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If the rumors are right, General Motors is about to significantly shake up the crossover segments with the Chevrolet Equinox and GMC Terrain. According to a story that recently broke on GMInsideNews.com, the two very successful vehicles will soon be available with GM’s eAssist “light electrification” system—and much higher fuel-economy ratings.
Coincidentally, the timing of this news couldn’t be better for the General as there is a surprising lack of green technology available for crossover shoppers. Things actually had taken a turn for the worse a few days ago, too, as it became clear that the Blue Oval would not produce a hybrid version of the all-new Ford Escape. That would have created a rather startling scenario in which no automaker would have been offering a mainstream hybrid crossover for the foreseeable future.
Yes, the Toyota RAV4 will have an electric variant in the near-term future, and that automaker also is trying to position the Toyota Prius v as a crossover alternative. Ford is doing something similar with the coming Ford C-MAX, but the limited range of the former and the softer, “multi activity vehicle” styling of the latter two will greatly minimize their appeal to traditional crossover buyers. Meanwhile, GM will be showcasing two vehicles that are already hot sellers and could soon be boasting better EPA lines than the Honda Fit.
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The Toyota Factor
So, exactly how hot have the GM duo been? Volume-wise, the Escape and Honda CR-V are still leading the way by a healthy margin, as reinforced by the September sales numbers. The Escape set a monthly sales record last month, ringing up 20,225 deliveries, and has set new benchmarks in seven of the nine months of 2011. With more than 187,000 sales in the books already this year, the Escape is a sure thing to break 200K for the year. Deliveries of the CR-V haven’t been quite so strong, but with 19,604 sales of its own last month, the vehicle was the second-best-selling crossover in America in September, and it’s still No. 2 on a year-to-date basis, with more than 160,000 sales.
Combined numbers for the Terrain and Equinox, however, have soared to 208,486 units so far in 2011, and that represents 22,407 sales in September, an increase of 36.3 percent for the month, and a year-to-date improvement that tops 50 percent. Significantly, that combined YTD volume would make GM’s pair of crossovers the fourth-best-selling vehicle in the U.S. through September, trailing just the Ford F-150, Chevy Silverado and Toyota Camry.
There are a lot of reasons for the success of the Terrain and Equinox, and it helps that the RAV4 has shed more than 30,000 sales so far this year as compared to 2010. But it’s important to recognize that that’s not the only factor making a difference. The Equinox alone has gained more than 45,000 sales through September, and despite weak performances from a few segment stalwarts, as well as a recent shift away from crossovers (and other vehicles) back into full-size trucks, the crossover segments overall still have a lot of room for growth. Which is why I’m so surprised none of the other automakers are trying to exploit that opportunity with something like eAssist.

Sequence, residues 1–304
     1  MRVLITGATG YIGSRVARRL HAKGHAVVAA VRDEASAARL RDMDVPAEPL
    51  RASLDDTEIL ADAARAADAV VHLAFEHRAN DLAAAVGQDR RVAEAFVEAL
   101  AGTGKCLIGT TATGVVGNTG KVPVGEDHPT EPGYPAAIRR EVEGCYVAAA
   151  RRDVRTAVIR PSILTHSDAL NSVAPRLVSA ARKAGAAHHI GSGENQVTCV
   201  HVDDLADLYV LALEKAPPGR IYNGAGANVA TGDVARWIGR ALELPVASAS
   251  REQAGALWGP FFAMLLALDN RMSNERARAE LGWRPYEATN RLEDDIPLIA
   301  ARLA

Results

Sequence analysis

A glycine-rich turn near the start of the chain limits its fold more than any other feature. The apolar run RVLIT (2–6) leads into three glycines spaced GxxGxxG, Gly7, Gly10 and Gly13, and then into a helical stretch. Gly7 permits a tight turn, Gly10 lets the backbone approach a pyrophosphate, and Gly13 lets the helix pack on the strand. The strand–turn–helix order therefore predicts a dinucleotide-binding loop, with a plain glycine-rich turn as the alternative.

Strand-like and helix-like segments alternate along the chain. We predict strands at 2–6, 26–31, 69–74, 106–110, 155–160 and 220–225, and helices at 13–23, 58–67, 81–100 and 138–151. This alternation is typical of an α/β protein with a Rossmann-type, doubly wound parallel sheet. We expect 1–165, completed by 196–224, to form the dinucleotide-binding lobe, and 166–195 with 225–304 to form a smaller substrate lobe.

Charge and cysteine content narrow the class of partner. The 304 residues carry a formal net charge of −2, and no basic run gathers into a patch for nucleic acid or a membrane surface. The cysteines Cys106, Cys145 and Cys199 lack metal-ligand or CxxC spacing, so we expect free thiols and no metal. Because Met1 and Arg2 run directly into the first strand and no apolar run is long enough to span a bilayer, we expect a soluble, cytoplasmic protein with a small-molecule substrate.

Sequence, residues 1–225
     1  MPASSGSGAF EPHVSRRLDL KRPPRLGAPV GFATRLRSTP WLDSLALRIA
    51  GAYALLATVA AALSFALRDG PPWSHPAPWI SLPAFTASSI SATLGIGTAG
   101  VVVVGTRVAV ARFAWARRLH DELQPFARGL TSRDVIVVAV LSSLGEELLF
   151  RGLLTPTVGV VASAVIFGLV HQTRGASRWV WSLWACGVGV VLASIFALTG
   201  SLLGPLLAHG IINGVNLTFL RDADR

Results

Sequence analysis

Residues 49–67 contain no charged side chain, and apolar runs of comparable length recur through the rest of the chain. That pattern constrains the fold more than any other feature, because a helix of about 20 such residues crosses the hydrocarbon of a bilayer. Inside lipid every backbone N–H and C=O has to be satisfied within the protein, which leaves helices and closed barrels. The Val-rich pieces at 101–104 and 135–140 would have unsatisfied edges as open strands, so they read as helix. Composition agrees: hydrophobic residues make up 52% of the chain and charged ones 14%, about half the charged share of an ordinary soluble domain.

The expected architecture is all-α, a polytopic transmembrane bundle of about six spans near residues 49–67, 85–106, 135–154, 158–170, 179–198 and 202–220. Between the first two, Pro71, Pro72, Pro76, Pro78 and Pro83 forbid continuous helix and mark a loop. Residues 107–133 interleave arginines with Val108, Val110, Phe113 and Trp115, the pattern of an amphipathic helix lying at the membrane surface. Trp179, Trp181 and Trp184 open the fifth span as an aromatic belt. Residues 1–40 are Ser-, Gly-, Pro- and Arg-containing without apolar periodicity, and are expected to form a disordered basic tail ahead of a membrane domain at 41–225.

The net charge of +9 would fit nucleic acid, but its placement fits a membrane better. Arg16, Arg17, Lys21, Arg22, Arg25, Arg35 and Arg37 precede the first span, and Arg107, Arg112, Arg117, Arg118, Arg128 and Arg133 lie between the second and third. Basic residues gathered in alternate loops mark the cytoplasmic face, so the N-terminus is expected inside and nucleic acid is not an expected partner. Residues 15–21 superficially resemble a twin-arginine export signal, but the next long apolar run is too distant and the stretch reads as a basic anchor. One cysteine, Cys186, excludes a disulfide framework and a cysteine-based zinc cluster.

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Getting an Assist from eAssist
The basic operation of the eAssist setup is simple: The system can capture a modest amount of energy via regenerative braking (up to 15 kilowatts), store that energy as electricity in a compact lithium-ion battery, then leverage that electricity to help power the vehicle during certain driving scenarios. It’s a relatively simple and inexpensive way to boost fuel-efficiency, and already it has been slated for use in the Buick LaCrosse, Buick Regal and Chevrolet Malibu.
To provide some context for how well the system works, consider that the first vehicle with an eAssist powertrain, the LaCrosse, saw its EPA ratings with a 2.4-liter I4 engine rise from 19/30/23 without eAssist to marks of 25/36/29 with the system. That’s an increase of more than 31 percent in the city/20 percent highway/26 percent combined. Applying the same percentages to the Equinox and Terrain, you get potential fuel-efficiency ratings of 30/38/33. The current Fit comes in at 28/35/31.
Needless to say, the difference between the Equinox/Terrain and their rivals could be stark indeed. Excepting the Escape Hybrid, which, remember, is on its way out of production, the GM duo still offers nearly unbeatable fuel-efficiency numbers today, and, technically, still the highest combined mpg ratings. The sole gas-only crossover that can do better than the GM products’ 22 mpg city is the conventional Escape, at 23 mpg, and only the Sportage ties that mark. The Equinox and Terrain can each achieve 32 mpg highway, which is equaled by the RAV4, Sportage and Hyundai Tucson, but the Tucson and RAV4 trail elsewhere. Even with the Kia having the exact same city and highway numbers as the GM crossovers, it’s rated at 25 mpg combined, as compared to GM’s 26 mpg.
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Checking the Timeline
The eAssist Equinox/Terrain are reported to be arriving as 2014 models, which means the competition has a lot less than 24 months to come up with a magic bullet here. And while it’s conceivable that that’s enough time for someone else to hybridize another crossover, the current lack of interest in doing so makes the odds of it happening rather long. And that means yet another fuel-efficiency advantage for the General.
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